How to Encourage Your Children

Every mom knows that pouty look on a child’s face exactly when she’s gone out of her way to have a good time together.

I glanced over at my ten year old son as we walked a new trail together, searching for waterfalls we knew were ahead. His little face was stormy. Never mind I had just driven a long way just to give all of us a happy time together in the wild.

I hadn’t let him carry toys on the trail (what a crime). “Now is the time for sticks and water and just hanging out together,” I told him. “And I don’t want you to lose your toys.”

“I just don’t get it,” he said. “What’s wrong with bringing toys on the trail?”

Because I had already explained, I pulled off the age-old mom saying next. “You don’t have to get it; you just need to obey. Now wipe that sour look off your face because we’re here to have fun.”

Those words may as well have been spoken to the rock he was carrying. But we walked on.

“I sure am glad you’re with us,” I told him.

The falls were roaring ahead and we climbed slowly to the top, panting as we went before pausing for a photo in front of the water. Suddenly, sister’s phone went flying out of her hands and into a tight crevice between rocks and wood.

We stared in distress at the phone just beyond our reach.

“I can get it,” little buddy told her, and in he went, nearly scraping his face on rocks as he slithered down and down before grabbing the phone, handing it up, then being pulled up himself by two people.

“That was amazing!” I told him. “See, we really did need you with us. You were super brave and really helped your sister out.”

That was all it took. The rest of the day I couldn’t keep him from helping out if I tried. If my shoe slipped, he was by my side immediately, holding my hand to make sure I didn’t fall. If I laid down to rest by the river, he snuggled up close to rest with me. There was nothing I could do without his constant presence and care right at my elbow.

“I could help you with all kinds of things,” he said as we kept climbing. “When I get big I’m going to have a lot of gold and I’m going to buy you a million dollar house to live in.”

Here I was, a forty-one year old mother being babied by her ten year old son. I pondered the lesson unfolding before me.

This child was often criticized, scolded, or told to stop. His mischief grated on the nerves of everyone in the family, and he found the oddest moments to screech at the top of his lungs. He shared a room with his big brother and teased his older sister and forgot to brush his teeth.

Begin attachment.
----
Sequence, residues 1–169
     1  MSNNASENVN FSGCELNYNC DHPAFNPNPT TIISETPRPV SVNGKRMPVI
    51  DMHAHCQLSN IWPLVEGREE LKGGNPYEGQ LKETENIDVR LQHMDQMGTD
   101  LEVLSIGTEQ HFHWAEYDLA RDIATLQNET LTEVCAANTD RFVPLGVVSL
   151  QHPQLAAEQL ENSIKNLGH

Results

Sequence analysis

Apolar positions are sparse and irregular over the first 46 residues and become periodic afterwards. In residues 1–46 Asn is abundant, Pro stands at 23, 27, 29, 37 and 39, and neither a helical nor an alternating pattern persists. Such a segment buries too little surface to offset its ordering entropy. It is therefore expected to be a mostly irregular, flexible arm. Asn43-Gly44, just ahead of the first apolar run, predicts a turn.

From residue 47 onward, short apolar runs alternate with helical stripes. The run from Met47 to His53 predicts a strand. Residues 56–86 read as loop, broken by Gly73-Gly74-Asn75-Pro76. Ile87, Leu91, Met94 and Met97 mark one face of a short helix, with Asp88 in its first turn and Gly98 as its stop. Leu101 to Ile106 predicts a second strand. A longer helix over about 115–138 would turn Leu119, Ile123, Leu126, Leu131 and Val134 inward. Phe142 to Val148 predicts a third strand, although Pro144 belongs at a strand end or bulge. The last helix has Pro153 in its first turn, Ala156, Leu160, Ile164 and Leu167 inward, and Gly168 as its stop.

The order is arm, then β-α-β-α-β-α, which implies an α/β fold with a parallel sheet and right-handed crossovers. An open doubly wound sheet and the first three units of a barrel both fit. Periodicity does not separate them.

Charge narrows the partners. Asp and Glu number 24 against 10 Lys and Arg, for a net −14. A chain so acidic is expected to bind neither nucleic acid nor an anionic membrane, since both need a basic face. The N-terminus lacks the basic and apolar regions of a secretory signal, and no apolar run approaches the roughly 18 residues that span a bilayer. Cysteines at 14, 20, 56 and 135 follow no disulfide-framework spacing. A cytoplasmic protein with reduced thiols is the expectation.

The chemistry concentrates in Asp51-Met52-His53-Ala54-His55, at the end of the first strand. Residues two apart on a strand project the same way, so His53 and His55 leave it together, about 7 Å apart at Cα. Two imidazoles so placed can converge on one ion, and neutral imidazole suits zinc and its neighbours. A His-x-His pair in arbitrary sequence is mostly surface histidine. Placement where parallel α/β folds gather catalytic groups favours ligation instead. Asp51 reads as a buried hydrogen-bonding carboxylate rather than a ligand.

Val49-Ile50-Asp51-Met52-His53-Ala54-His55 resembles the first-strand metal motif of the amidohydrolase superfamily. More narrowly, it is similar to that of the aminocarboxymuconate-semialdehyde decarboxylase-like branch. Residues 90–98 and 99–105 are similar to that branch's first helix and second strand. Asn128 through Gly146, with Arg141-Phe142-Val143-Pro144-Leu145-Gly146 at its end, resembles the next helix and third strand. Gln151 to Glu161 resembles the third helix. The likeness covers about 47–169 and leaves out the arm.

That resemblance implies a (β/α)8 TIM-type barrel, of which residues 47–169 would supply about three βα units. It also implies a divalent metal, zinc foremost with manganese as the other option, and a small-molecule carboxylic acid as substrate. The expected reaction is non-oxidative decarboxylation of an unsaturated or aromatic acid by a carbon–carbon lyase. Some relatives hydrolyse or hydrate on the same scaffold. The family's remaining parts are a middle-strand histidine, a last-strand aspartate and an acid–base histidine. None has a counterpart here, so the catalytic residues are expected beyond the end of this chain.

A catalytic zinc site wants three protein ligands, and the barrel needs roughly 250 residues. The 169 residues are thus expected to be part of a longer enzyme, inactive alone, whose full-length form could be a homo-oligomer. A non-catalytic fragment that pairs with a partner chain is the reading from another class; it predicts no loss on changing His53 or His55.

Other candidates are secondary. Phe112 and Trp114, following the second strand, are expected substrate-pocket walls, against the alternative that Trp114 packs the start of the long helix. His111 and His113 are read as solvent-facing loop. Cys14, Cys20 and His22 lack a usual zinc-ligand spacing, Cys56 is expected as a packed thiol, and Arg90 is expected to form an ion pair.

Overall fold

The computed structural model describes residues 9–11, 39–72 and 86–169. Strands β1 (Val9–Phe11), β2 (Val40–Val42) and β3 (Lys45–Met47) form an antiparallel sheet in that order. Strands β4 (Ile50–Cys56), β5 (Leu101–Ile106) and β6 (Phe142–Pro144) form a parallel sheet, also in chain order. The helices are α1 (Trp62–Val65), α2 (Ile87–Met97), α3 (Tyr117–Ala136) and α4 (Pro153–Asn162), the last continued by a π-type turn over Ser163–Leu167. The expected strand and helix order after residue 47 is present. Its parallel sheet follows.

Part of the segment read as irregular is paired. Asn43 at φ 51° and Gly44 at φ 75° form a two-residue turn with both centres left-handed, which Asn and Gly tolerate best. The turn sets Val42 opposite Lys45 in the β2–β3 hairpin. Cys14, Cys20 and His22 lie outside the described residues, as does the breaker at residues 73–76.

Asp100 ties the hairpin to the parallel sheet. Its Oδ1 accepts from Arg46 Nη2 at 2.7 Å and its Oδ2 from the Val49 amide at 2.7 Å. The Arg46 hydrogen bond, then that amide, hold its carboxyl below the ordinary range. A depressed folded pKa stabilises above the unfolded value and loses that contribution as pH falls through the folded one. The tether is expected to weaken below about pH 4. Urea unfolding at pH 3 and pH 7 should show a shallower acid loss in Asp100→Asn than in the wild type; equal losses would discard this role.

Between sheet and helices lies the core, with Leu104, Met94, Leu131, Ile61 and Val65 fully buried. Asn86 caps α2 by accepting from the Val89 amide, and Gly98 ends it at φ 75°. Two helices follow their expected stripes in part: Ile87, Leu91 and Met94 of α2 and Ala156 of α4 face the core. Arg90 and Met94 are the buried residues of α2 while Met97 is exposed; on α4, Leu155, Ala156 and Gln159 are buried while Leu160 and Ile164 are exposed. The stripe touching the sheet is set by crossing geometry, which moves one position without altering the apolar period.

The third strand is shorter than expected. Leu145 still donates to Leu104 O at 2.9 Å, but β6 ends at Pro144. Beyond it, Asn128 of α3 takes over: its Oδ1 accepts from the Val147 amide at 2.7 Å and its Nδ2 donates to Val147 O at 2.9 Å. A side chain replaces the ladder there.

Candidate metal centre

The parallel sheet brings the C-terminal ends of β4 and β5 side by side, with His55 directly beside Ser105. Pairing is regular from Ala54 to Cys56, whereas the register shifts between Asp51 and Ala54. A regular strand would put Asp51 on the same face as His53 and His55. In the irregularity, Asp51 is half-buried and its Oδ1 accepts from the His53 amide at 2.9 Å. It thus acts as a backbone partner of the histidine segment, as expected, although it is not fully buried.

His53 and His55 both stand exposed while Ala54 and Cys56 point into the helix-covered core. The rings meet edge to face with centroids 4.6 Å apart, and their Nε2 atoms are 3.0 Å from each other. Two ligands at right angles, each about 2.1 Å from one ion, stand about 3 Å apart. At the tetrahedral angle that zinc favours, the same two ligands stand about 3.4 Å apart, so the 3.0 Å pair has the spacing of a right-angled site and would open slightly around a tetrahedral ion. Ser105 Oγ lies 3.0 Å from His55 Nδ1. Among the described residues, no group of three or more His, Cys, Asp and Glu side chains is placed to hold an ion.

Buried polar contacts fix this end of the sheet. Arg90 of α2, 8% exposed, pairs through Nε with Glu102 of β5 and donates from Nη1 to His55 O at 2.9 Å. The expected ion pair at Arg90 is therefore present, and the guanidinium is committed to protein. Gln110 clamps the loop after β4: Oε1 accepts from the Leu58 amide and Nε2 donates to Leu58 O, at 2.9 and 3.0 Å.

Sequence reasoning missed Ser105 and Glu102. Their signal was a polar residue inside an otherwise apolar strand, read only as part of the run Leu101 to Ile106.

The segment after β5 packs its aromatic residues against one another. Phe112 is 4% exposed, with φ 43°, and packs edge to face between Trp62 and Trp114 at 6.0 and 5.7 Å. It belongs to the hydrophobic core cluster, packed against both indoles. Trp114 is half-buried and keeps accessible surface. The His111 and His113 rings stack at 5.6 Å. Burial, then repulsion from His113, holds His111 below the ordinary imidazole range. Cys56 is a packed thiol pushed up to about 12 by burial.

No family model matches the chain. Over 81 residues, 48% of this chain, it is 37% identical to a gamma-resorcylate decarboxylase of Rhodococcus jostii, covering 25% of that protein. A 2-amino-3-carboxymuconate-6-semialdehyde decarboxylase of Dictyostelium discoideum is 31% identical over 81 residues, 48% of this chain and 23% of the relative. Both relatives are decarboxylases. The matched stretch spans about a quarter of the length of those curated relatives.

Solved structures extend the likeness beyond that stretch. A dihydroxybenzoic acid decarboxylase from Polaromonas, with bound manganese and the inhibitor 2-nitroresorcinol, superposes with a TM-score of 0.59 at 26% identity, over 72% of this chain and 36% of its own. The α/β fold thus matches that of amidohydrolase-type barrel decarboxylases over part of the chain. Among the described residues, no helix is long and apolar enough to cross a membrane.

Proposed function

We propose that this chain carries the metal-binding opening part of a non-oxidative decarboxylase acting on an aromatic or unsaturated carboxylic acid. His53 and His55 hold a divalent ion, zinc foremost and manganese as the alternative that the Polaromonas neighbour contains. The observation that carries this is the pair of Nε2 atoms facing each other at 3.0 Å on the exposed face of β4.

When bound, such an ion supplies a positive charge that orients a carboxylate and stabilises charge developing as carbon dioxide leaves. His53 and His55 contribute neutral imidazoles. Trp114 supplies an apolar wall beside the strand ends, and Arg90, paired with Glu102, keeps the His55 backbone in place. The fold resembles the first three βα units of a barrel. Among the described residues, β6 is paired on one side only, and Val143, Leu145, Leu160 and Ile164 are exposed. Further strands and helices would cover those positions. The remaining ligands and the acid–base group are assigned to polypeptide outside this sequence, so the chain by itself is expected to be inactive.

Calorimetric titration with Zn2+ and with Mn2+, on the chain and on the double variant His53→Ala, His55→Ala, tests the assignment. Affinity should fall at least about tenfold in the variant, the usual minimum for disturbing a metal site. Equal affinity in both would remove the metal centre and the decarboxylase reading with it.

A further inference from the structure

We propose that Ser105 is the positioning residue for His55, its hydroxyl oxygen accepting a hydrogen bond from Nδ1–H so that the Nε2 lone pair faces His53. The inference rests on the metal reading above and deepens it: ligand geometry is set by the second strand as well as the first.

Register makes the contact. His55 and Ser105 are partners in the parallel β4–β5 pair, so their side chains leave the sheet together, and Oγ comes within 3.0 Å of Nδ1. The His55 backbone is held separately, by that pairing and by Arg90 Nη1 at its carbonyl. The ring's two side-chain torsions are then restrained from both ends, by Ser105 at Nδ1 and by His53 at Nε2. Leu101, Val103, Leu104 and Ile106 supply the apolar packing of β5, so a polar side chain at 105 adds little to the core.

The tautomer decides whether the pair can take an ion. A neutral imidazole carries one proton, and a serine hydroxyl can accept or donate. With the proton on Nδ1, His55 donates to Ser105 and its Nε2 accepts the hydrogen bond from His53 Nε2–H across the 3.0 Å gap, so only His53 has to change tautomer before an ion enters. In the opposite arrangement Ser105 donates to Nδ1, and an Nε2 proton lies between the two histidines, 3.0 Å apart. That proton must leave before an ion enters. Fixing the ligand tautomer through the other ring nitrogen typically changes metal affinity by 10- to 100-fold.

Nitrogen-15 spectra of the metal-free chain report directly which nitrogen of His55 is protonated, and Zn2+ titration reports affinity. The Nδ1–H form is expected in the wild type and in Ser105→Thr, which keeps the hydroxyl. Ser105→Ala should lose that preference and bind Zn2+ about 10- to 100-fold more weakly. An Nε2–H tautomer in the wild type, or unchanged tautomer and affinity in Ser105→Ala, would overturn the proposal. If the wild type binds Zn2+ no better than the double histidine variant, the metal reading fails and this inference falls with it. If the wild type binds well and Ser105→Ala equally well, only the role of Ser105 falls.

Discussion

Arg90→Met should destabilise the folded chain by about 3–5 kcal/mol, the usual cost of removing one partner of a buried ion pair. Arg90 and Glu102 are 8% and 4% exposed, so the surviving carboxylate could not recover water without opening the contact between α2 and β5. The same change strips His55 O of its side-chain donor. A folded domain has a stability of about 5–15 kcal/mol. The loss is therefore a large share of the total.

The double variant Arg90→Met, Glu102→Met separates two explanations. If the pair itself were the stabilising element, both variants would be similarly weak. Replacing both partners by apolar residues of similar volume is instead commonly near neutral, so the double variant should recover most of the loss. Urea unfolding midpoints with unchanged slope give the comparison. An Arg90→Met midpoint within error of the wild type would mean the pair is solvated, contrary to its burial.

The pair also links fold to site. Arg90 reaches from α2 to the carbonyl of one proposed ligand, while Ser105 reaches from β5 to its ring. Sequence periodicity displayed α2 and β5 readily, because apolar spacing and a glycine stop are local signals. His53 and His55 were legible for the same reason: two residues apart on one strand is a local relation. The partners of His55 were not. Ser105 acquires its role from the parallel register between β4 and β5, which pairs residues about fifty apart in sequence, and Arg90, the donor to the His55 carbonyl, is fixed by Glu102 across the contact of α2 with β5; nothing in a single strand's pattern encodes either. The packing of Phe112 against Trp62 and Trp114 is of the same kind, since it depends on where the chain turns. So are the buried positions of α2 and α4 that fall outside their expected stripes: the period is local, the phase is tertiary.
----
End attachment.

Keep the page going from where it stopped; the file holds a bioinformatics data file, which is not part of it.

The sister who was most self-conscious was constantly embarrassed by his lack of social skills and made no effort to hide her feelings.

You get the picture. There was always something for him to be corrected on even though his heart was golden. And I’d often tell the older kids to stop scolding and start encouraging more.

“You’re making it worse,” I told them. “He needs to be encouraged more, and that will help him do better.”

I knew from experience that being surrounded by encouraging friends was a life changer. I had met people like that many years prior and as a result, my heart changed from the inside out.

When you speak good over others, you make them want to do good. It takes no character to talk down on people or even to see their negative traits. But it takes a pure heart of love to see past the bad right into someone’s heart.

Speak God’s heart over people by calling out what He’s wanting to put in.

I’ve often told my children during mess-ups and failures, “This is not who you really are. I see what you’re truly made of.”

I see you. I see you. I see you.

Who doesn’t want to be seen?

Little Buddy’s holding my hand by the end of the day. “Thank you for being such a good mom,” he says.

My heart was full and I kept pondering life the entire ninety minutes home. The lesson resounded once again—we cannot fertilize goodness by harping on the bad. Focus on the good, call out the good, name the good, and tell a person what is good in their character. Celebrate it, and watch the bad diminish as you do so!

Here’s a challenge to compliment at least two people every day!

“Finally, brothers, whatever is true, whatever is honorable, whatever is just, whatever is pure, whatever is lovely, whatever is commendable, if there is any excellence, if there is anything worthy of praise, think about these things.” Philippians 4:8 (ESV)